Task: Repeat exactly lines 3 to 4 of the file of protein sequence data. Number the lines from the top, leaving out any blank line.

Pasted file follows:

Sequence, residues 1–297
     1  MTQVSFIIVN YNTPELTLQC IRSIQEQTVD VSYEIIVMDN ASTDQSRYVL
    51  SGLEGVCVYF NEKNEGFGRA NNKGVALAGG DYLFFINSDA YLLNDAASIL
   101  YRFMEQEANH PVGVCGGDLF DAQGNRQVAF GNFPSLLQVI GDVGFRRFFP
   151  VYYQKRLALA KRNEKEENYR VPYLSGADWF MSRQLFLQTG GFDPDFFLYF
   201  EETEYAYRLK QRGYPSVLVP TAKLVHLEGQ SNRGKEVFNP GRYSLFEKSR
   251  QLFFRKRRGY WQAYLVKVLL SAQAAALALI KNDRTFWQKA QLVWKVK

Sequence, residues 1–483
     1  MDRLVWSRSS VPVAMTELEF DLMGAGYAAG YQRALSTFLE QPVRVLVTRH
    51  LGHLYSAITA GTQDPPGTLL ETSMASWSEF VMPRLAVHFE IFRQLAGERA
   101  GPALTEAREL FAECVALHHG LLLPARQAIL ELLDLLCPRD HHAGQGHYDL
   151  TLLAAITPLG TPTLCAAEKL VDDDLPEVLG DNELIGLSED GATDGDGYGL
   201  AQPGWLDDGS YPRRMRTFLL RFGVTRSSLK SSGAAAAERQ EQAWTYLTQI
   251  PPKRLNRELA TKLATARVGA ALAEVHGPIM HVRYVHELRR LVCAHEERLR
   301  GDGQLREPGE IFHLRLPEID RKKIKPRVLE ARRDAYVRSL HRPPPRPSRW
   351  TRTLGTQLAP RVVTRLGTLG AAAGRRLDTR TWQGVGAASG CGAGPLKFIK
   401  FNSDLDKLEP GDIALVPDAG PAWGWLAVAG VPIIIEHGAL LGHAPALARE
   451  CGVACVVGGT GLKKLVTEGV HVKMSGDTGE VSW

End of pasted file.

    51  SGLEGVCVYF NEKNEGFGRA NNKGVALAGG DYLFFINSDA YLLNDAASIL
   101  YRFMEQEANH PVGVCGGDLF DAQGNRQVAF GNFPSLLQVI GDVGFRRFFP